Q. My vegetable garden is overgrown with crabgrass. Is there a chemical I can use to get rid of it?

A. There is no herbicide recommended for control of crabgrass in a small vegetable garden, but you can try a newspaper mulch. With a sharp hoe, cut the weeds off at the soil surface, then put down newspapers. Wet the newspapers and anchor them with dirt. This will shut off light and prevent new growth of crabgrass.

Q. I have a dozen one-year-old Latham red raspberries I want to transplant to another place in my year. When is the best time to do it

A. After the plants become dormant in the fall, usually about a month after the first frost, is a good time.

Q. I brought home from the wild a white dogwood seedling. It is now about seven inches high. Should it be planted outdoors and remain there this winter, or should it be brought inside and potted?

A. Plant it outdoors and leave it there. During the first winter, protect it from wind and sunlight. If it's in full sun in late winter it may break dormancy during a spell of mild weather and then be killed by later freezing temperatures.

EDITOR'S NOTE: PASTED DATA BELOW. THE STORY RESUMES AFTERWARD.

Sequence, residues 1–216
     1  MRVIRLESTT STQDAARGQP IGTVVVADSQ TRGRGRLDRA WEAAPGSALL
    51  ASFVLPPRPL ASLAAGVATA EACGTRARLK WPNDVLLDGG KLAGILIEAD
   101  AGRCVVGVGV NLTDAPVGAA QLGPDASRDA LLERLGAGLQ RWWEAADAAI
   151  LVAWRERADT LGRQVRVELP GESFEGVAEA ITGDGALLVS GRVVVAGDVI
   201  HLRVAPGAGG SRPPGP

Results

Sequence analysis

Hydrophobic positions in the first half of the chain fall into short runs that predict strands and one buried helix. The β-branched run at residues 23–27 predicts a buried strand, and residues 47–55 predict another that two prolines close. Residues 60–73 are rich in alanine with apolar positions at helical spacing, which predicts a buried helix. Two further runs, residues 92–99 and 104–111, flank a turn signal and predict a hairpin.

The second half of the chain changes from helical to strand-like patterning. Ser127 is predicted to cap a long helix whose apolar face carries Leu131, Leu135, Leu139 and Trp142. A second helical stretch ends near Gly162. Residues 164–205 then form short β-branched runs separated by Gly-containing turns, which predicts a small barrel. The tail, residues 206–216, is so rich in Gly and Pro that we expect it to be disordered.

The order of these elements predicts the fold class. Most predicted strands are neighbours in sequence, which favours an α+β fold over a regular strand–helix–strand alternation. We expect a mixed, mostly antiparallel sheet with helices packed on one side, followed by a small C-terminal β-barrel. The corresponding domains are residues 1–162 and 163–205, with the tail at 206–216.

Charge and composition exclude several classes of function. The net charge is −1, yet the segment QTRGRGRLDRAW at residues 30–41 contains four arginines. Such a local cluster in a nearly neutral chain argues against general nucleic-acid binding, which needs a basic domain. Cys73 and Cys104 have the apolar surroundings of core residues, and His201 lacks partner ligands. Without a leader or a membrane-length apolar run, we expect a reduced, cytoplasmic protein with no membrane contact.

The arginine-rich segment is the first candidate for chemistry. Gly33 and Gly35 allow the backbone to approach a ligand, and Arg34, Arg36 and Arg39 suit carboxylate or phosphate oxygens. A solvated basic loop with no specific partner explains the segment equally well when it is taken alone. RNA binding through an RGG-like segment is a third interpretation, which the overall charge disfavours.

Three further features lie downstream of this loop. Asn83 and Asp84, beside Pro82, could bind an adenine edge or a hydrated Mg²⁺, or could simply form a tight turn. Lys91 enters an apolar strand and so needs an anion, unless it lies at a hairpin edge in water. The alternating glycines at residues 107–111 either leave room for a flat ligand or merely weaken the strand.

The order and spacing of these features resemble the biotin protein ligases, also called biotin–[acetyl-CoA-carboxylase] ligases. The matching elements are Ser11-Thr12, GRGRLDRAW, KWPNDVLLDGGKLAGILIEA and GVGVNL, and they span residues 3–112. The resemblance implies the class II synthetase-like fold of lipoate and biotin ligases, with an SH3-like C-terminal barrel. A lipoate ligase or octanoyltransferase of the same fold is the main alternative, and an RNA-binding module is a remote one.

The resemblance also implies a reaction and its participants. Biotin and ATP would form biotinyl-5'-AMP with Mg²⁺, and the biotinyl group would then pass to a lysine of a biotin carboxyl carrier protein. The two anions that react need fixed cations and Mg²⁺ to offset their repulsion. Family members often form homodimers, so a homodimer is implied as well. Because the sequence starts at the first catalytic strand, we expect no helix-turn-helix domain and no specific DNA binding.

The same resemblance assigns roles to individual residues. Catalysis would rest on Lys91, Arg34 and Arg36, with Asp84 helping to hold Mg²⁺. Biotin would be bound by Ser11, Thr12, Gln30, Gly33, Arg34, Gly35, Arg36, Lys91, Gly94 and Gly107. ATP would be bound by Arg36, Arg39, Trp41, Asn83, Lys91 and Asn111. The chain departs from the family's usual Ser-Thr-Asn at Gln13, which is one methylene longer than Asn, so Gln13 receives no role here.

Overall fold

Q. Is there a special process for drying gourds?

A. Use sharp shears to harvest: Never twist gourds from the vine. Handle them carefully so they are not bruised or scratched: A bruise now means decay later. Wash in warm, mild soapy water. Rinse and dry. Remove dirt with a soft brush while washing. Spread gourds on several layers of newspaper in a warm sunny place with good air circulation. When completely dry, coat with flour or furniture wax, or apply shellac or lacquer.

Q. Last year we planted shallots and they were very small. How can we improve their size this year? Should they be harvested when the tops turn brown?

A. Most likely the size of the bulbs (they are called cloves) was due to poor soil, competition with weeds or insufficient sunlight. Cutting off tops to use for seasoning also will prevent normal bulb size. The bulbs should be dug in the fall when the foliage turns yellow or brown. Dry them for two or three days and then cut off the tops and store as you would onions.

Q. Which plants are best to attract hummingbirds?

A. They go after tubular flowers, feeding on them with their long needle-like bills. They appear to like gladiolus, petunias, butterflybush, iris, fuchsia, morningglory, Japanese honeysuckle, beebalm, nasturtium, columbine, canna, mimosa, hollyhock, rose of sharon, larkspur, clematis, lilac, lantana, phlox, rose, portulaca, cardinal flower, black locust and tulip tree.